Indicate by check mark whether the registrant is a large accelerated filer, an accelerated filer, a non-accelerated filer, a smaller reporting company, or an emerging growth company. See the definitions of “large accelerated filer,” “accelerated filer,” “smaller reporting company,” and “emerging growth company” in Rule 12b-2 of the Exchange Act.

Large accelerated filer
Accelerated filer
Non-accelerated filer
Smaller reporting company
 
Emerging growth company

If an emerging growth company, indicate by check mark if the registrant has elected to use the extended transition period for complying with any new or revised financial accounting standards provided pursuant to Section 13(a) of the Exchange Act

Indicate by check mark whether the registrant is a shell company (as defined in Rule 12b-2 of the Exchange Act). Yes No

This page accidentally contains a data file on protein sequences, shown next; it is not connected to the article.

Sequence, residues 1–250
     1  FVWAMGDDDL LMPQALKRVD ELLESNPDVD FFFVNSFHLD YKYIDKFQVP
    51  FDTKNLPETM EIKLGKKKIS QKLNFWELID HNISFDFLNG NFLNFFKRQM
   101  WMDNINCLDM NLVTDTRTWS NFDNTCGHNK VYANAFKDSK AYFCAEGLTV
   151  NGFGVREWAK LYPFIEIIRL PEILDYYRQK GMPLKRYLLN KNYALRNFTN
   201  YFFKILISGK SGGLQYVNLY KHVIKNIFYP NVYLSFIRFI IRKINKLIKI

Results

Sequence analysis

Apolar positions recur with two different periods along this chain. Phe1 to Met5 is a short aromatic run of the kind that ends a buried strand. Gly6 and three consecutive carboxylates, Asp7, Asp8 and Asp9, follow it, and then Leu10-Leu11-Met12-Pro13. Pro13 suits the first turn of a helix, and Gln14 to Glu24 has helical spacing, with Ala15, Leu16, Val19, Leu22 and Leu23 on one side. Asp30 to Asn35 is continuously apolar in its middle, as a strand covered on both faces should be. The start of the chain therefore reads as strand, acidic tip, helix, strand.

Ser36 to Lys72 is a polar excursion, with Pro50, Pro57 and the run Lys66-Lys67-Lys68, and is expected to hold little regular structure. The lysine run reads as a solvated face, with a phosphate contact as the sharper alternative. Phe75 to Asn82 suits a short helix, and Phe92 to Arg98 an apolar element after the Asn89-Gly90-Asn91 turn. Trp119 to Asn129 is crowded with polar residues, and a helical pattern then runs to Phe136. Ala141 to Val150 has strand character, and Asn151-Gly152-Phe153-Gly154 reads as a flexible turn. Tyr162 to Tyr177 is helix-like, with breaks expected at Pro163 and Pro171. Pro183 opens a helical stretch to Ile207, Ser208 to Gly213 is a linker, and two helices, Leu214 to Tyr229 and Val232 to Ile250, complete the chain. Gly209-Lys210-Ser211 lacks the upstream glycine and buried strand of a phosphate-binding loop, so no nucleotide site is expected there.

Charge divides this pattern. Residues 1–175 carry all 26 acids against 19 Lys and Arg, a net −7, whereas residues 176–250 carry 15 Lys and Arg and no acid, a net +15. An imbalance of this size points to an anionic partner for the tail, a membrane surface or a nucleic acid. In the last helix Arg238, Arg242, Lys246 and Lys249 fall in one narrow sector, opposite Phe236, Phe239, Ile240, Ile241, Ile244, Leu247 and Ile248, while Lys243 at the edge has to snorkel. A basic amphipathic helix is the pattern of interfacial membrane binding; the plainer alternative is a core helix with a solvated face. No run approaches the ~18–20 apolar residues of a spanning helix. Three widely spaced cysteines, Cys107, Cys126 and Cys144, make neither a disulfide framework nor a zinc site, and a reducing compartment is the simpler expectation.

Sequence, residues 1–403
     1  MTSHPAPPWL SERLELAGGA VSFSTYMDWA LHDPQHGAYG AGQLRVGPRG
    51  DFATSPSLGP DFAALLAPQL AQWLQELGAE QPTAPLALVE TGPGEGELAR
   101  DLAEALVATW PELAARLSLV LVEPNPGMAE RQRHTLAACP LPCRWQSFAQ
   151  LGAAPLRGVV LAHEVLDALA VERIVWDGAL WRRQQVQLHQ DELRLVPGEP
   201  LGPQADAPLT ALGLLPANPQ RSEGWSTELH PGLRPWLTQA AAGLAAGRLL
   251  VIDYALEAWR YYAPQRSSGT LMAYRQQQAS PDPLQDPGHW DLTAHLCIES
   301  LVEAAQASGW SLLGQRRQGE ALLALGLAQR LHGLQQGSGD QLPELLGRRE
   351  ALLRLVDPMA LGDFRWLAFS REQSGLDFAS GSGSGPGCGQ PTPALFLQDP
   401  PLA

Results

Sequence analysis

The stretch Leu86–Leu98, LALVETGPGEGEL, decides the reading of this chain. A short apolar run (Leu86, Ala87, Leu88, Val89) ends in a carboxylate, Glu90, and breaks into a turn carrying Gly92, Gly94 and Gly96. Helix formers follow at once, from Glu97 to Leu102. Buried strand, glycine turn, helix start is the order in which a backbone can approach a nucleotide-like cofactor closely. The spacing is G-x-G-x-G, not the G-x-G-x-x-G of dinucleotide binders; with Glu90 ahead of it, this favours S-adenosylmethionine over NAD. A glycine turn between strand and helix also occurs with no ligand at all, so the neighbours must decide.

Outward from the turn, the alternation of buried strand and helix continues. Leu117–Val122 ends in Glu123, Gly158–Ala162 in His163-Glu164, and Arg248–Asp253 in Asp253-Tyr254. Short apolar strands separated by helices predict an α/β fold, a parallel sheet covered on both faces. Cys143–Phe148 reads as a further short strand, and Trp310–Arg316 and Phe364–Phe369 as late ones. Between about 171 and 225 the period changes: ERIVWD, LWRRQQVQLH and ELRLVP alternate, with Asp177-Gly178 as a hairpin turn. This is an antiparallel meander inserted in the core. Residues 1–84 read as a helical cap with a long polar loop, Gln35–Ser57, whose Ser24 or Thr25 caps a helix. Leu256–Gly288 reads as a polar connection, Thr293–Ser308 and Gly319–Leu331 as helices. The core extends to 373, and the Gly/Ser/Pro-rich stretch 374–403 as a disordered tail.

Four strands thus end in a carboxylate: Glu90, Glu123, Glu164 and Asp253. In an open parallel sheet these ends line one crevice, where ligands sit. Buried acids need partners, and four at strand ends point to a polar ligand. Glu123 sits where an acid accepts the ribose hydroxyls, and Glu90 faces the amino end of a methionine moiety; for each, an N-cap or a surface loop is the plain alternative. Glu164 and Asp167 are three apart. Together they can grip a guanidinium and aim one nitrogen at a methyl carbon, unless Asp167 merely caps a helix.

Indicate the number of shares outstanding of each of the issuer’s classes of common stock, as of July 5, 2019:

Common stock, 1/3 of $.01 par value
 
23,801,598
(Class)
 
(Number of Shares)



PURE CYCLE CORPORATION
INDEX TO MAY 31, 2019 FORM 10-Q

   
Page
     
1
     
 
1
     
 
1
     
 
2
     
 
3
     
 
5
     
 
6
     
 
21
     
 
34
     
 
34
     
35
     
  35
     
  35
     
36

PART I – FINANCIAL INFORMATION

Item 1.
Consolidated Financial Statements

PURE CYCLE CORPORATION
CONSOLIDATED BALANCE SHEETS

ASSETS:
 
May 31, 2019
   
August 31, 2018
 
   
(unaudited)
       
Current assets:
           
Cash and cash equivalents
 
$
3,581,310
   
$
11,565,038
 
Short-term investments
   
6,189,143
     
8,717,967
 
Trade accounts receivable, net
   
594,249
     
1,067,268
 
Prepaid expenses and other current assets
   
2,634,164
     
1,372,886
 
Inventories
   
12,693,514
     
5,195,059
 
Total current assets